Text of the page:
Former Texas Gov. Rick Perry (photo credit: Gage Skidmore)

Correction: Gov. Rick Perry Deserves a D, Not an F


The good news is the Perry campaign is reading  The bad news is they believe I misrepresented Gov. Perry in giving him an ‘F’ for failing to speak at all about Indiana.

So let me correct the record: I missed this tweet on the morning of March 31 from Gov. Perry:

This is in addition to a statement from Perry’s spokesman that I cited, that The Washington Post describes as supporting the Indiana law, but which actually says states should make their own decisions:

“Governor Perry has always fought to expand religious freedoms, which is why Texas became a beacon for liberty during his leadership. He believes it’s up to the states and their leaders to determine what’s in the best interests of their citizens,” he said.

Perry did not appear on any broadcasts or make any major statements, though his campaign does offer this April 2 radio interview as evidence of his willingness to defend Indiana in the midst of its mainstream media pummeling:

In the nine minute interview, he says only this about the Indiana crisis:

[T]rying to draw, you know, this hard line between people and pitting people against people in this country is what some in the political world would like to do, and the fact is these states, I think there are twenty states now that have passed freedom of religion laws, as has the federal government that Bill Clinton signed it into law, I think back in the early ‘90s—‘93 if my memory serves me correct. And I agree that the states should have the right to protect peoples’ freedom and obviously discrimination is not acceptable in any form or fashion, and these states do in fact put those types of protections into place. And while that’s going on, you have these attacks—I gave a major speech in London last fall, about the rabid anti-Semitism, the anti-western values attack that’s going on in some of the major European countries, when we see people slaughtered because of a cartoon against Mohammed in France. I mean, that—that’s what we really need to be focused—I mean, the idea that we need to be diverted away from giving real focus to what’s going on in the world, and in the United States, I might add: When you have ISIS that’s coming in here to recruit young people to go do Jihad around the world. So, I think you’re spot on Jeff, from the standpoint of—we have true challenges in this country, and I think we’re getting distracted away. It’s an important issue from the standpoint of discrimination is not acceptable in any form or fashion in this country, but when you see Coptic Christians being led down to a beach in Libya and beheaded, we may have our focus in a little bit of a different—well a place that’s not as important in the world affairs.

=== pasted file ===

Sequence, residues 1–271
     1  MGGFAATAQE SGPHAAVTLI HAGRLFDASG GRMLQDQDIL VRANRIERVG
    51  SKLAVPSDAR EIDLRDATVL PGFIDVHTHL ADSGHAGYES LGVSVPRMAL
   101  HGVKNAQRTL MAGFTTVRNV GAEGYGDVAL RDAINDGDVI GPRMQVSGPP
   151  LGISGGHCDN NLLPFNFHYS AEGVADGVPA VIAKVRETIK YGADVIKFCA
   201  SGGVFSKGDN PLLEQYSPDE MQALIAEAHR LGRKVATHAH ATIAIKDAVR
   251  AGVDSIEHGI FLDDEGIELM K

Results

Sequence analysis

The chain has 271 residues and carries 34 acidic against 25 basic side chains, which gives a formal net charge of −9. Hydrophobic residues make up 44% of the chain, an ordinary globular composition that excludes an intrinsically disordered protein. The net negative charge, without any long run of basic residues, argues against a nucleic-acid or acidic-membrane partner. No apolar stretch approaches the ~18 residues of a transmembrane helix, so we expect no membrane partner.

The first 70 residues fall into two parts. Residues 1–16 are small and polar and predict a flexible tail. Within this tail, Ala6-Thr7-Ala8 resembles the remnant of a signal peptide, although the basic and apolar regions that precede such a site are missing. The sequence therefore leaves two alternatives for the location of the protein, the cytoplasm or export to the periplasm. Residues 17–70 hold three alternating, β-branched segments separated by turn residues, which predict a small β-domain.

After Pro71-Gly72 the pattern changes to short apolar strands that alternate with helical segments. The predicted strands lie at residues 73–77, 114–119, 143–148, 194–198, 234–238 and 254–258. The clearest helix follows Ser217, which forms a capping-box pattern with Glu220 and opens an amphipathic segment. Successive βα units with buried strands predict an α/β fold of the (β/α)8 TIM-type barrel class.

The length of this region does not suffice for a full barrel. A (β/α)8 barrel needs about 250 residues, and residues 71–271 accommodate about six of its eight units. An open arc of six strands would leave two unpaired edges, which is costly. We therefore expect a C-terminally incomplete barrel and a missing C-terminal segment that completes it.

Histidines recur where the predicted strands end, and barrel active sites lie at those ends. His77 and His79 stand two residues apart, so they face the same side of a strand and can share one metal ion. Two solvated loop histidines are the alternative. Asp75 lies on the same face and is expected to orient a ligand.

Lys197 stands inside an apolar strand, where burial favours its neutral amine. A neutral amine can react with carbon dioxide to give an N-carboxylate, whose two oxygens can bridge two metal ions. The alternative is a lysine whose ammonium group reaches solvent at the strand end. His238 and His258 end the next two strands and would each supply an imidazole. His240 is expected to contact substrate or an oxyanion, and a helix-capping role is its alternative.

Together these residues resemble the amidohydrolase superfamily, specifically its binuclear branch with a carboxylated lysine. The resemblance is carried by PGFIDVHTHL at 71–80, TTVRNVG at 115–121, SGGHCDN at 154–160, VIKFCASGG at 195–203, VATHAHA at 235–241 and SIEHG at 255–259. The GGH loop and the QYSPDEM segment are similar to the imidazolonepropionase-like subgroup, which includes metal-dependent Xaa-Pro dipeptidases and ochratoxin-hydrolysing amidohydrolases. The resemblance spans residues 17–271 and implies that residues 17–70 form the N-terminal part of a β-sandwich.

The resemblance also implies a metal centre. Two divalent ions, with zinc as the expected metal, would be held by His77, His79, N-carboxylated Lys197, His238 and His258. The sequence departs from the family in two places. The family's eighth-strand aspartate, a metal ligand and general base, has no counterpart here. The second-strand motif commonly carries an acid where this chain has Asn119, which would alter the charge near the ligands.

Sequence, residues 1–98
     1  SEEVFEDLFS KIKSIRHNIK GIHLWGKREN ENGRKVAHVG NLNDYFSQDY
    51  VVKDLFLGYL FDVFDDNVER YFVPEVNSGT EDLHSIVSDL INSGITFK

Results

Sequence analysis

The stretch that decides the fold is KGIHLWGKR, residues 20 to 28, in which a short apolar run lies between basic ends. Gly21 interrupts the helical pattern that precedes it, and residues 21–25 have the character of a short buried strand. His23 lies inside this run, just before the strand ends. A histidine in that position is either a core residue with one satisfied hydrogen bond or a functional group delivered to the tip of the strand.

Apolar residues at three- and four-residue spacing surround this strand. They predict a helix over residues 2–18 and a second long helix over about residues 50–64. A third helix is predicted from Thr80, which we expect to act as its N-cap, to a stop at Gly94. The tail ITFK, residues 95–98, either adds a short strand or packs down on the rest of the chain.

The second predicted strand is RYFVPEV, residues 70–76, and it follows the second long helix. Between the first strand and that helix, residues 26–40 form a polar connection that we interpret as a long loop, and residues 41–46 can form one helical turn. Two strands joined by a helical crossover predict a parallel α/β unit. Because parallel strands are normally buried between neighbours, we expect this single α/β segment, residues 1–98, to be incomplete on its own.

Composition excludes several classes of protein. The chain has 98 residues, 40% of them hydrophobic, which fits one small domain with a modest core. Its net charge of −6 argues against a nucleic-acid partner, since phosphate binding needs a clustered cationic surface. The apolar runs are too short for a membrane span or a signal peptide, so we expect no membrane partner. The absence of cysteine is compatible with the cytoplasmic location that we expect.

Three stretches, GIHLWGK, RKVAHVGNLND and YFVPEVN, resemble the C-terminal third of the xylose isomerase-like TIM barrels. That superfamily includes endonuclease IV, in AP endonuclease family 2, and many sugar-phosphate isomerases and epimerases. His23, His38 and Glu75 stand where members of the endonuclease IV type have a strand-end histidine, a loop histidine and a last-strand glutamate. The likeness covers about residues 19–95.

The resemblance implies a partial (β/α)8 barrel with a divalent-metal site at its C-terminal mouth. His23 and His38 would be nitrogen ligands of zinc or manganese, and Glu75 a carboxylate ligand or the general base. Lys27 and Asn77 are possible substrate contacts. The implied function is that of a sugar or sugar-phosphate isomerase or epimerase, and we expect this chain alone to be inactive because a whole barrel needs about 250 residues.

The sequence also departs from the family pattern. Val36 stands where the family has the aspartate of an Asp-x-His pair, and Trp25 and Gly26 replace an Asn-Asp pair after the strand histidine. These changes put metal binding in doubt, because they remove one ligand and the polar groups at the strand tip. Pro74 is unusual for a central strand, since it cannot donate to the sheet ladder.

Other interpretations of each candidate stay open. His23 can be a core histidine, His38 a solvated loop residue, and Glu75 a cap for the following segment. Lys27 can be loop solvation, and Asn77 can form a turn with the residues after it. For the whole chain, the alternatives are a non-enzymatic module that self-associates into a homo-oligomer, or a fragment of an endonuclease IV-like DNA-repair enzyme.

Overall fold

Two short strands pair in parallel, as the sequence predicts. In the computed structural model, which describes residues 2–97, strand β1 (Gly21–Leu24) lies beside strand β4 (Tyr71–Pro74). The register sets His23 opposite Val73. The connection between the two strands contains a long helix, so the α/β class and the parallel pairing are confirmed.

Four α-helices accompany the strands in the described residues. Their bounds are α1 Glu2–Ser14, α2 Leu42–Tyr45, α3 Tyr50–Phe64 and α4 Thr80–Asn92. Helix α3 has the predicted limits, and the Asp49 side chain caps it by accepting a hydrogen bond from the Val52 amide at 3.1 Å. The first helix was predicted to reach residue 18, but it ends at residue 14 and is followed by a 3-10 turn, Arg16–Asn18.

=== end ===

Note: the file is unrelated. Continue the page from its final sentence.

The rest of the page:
Like Gov. Christie, Gov. Perry stood up for his good friend Mike Pence, and for the principle of religious liberty generally, if briefly, before switching the subject to the persecution of Coptic Christians, away from the widespread hateful description of traditional believers by powerful corporate leaders willing to economically punish Indiana.  Days later, Perry has still declined to defend the right of Christian bakers, florists, and other wedding vendors to make a living in the land that gave the world the idea of Religious Liberty.  I will be generous and upgrade him from an F, to a gentleman’s D, alongside Gov. Christie.

Maggie Gallagher is editor of

Maggie Gallagher

Maggie Gallagher is a senior fellow at the American Principles Project.

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